Michael Delahoyde, PhD

Professor of English

Ovid, Metamorphoses



*Orpheus and Eurydice*:

One of the classic myths that appeals to writers and directors of art films is the story of Orpheus. Some see Orpheus as the archetypal artist — and not simply because his music made even the mountains sway and the trees strain to hear it. The journey of Orpheus to the Underworld could be considered an allegory for the artistic process. Like Orpheus, the poet or artist descends to the darkest depths of the soul and stares death in the face. And like Orpheus, the artist who gives in to his or her doubts will lose everything.

Orpheus’ wife Eurydice is bitten in the ankle by a serpent and dies. Orpheus journeys to hell. As Orpheus sings his request, all those miseries of the underworld we saw in Virgil’s Aeneid stop: Ixion’s wheel stops spinning, the vulture stops chewing on Tityos’ liver, Tantalus stops trying to reach food and water, and so on. “And Tantalus forgot the fleeing water, / Ixion’s wheel was tranced; the Danaids / Laid down their urns; the vultures left their feast, / And Sisyphus sat rapt upon his stone” (226). What does it mean that “Hell” stops in the underworld when Orpheus sings?

Orpheus respectfully requests of Pluto a “loan”: his wife back until she’s older — after all, we all will end up here in the underworld sooner or later anyway.

  • How is the Underworld of mythology different from Christian Hell?
  • How is Hades/Pluto different from the Devil?
  • Who the devil is the Devil?

Orpheus’ request is granted with a catch in the form of folklore’s “one forbidden thing” motif: as he and Eurydice exit, he is not to look back at her. Of course, he’s worried about her, and on the way out he does look back. She’s gone forever in a “double death” (226). He tries to get back down, but is not allowed, and so lives in misery.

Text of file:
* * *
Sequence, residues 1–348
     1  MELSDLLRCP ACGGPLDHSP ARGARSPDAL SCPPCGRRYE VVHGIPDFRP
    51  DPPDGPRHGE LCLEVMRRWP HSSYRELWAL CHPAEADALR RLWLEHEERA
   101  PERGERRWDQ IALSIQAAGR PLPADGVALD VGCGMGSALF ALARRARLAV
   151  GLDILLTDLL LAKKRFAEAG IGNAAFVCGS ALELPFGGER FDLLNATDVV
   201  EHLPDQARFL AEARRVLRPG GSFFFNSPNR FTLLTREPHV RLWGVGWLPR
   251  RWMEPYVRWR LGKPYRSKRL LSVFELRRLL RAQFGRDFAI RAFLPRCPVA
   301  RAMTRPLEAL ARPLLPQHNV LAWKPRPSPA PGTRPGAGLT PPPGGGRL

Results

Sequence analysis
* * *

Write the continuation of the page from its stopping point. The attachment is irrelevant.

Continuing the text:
Ovid’s tale of Orpheus’ journey to the Underworld, the realm of Hades, provides a beginning place from which to consider the changing constructs of the afterlife in mythology. It is possible to view the changing images of the underworld by looking at the iconography of hell and the devil. See the Orpheus discussion of Hell.


A sacred deer is fond of the youth Cyparissus. Cyparissus rides the deer about and they have happy picnics together, until Cyparissus accidentally shoots the deer. He wants to die himself, and in order that he might lament forever, Apollo turns him into a cypress tree, a tree of mourning (229).


Orpheus sings the brief tale of Ganymede, beloved by Jove and so carried off by Jove’s eagle incarnation to serve him nectar (239).

Apollo and Hyacinthus:

Another youth, Hyacinthus, oils up with Apollo for a discus-throwing competition. He catches one on the rebound in the face and dies, becoming the hyacinth.


An angry Venus invents whores. Pygmalion turns away from such vile humanity, sculpts an ivory woman, and falls in love with it. Venus grants it life. This story serves as the prototype for My Fair Lady, Mannequin, and other Svengali tales.

Cinyras and Myrrha:

Ovid warns the squeamish away from this story, especially encouraging fathers and daughters to skip over it, thereby drawing more lurid attention to it. Cinyras and Myrrha are father and daughter, and Myrrha harbors incestuous impulses towards daddy, which she rationalizes with references to various animal practices (235). She even curses geography for the cultural taboo. Daddy’s pleased when she claims to want a husband exactly like him. After Myrrha prepares to hang herself, her nurse finally realizes why she is mooning all the time and, when mom is busy with the festival of Ceres, helps Myrrha to daddy’s bed. She revisits night after night until Cinyras calls for some light and turns homicidal. She flees, pregnant, and turns into a myrrh tree. Her son is Adonis.


We hear that Venus hunts a bit. She is accidentally grazed by one of Cupid’s arrows and falls in love with Adonis. To keep him from endangering himself hunting, she tells him the following story.


Atalanta is not interested in getting married, especially to any man who cannot outrun her. Losers receive death. Hippomenes scoffs at first but sees her and is struck by her beauty. During the race he throws golden apples farther and farther off course, which Atalanta fetches; thus he is able to win the race, and her.

Back to Adonis:

Venus warns Adonis off hunting, especially lions. But Adonis doesn’t listen and one day is gored in the groin by a wild boar. He dies and turns into the anemone flower, which blooms early and fades fast.

Metamorphoses Book XI
Ovid Index
Orpheus: Roman Mythology